Various Prohibitions. - Deu 24:6. “No man shall take in pledge the handmill and millstone, for he (who does this) is pawning life.” רֵחַיִם, the handmill; רֶכֶב, lit., the runner, i.e., the upper millstone. Neither the whole mill nor the upper millstone was to be asked for as a pledge, by which the mill would be rendered useless, since the handmill was indispensable for preparing the daily food for the house; so that whoever took them away injured life itself, by withdrawing what was indispensable to the preservation of life. The mill is mentioned as one specimen of articles of this kind, like the clothing in Exo 22:25-26, which served the poor man as bed-clothes also. Breaches of this commandment are reproved in Amo 2:8; Job 22:6; Pro 20:16; Pro 22:27; Pro 27:13.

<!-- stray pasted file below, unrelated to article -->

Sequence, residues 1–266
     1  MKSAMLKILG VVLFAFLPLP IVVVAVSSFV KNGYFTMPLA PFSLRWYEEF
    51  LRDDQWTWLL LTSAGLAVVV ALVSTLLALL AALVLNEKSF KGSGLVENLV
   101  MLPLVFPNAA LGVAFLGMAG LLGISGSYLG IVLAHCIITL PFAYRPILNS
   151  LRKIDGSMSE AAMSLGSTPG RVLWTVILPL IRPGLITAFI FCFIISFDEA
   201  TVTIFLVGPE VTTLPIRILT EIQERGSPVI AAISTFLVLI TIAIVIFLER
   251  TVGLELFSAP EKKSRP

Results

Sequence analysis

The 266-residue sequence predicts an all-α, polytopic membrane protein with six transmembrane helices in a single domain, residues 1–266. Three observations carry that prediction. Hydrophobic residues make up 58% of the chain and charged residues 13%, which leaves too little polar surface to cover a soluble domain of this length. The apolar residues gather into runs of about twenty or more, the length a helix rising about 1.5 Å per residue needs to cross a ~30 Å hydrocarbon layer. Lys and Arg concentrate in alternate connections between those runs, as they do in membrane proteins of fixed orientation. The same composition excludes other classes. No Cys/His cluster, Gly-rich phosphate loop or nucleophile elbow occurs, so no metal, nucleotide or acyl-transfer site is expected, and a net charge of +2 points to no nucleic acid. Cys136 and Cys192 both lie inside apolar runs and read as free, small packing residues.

Repetition of the law against man-stealing (Exo 21:16). - Deu 24:8, Deu 24:9. The command, “Take heed by the plague of leprosy to observe diligently and to do according to all that the priests teach thee,” etc., does not mean, that when they saw signs of leprosy they were to be upon their guard, to observe everything that the priests directed them, as Knobel and many others suppose. For, in the first place, the reference to the punishment of Miriam with leprosy is by no means appropriate to such a thought as this, since Miriam did not act in opposition to the priests after she had been smitten with leprosy, but brought leprosy upon herself as a punishment, by her rebellion against Moses (Num 12:10.). And in the second place, this view cannot be reconciled with בְּנֶגַע הִשָּׁמֶר, since הִשָּׁמֵר with בְּ, either to be upon one's guard against (before) anything (2Sa 20:10), or when taken in connection with בְּנֶפֶשׁ, to beware by the soul, i.e., for the sake of the worth of the soul (Jer 17:21). The thought here, therefore, is, “Be on thy guard because of the plague of leprosy,” i.e., that thou dost not get it, have to bear it, as the reward for thy rebellion against what the priests teach according to the commandment of the Lord. “Watch diligently, that thou do not incur the plague of leprosy” (Vulgate); or, “that thou do not sin, so as to be punished with leprosy” (J. H. Michaelis).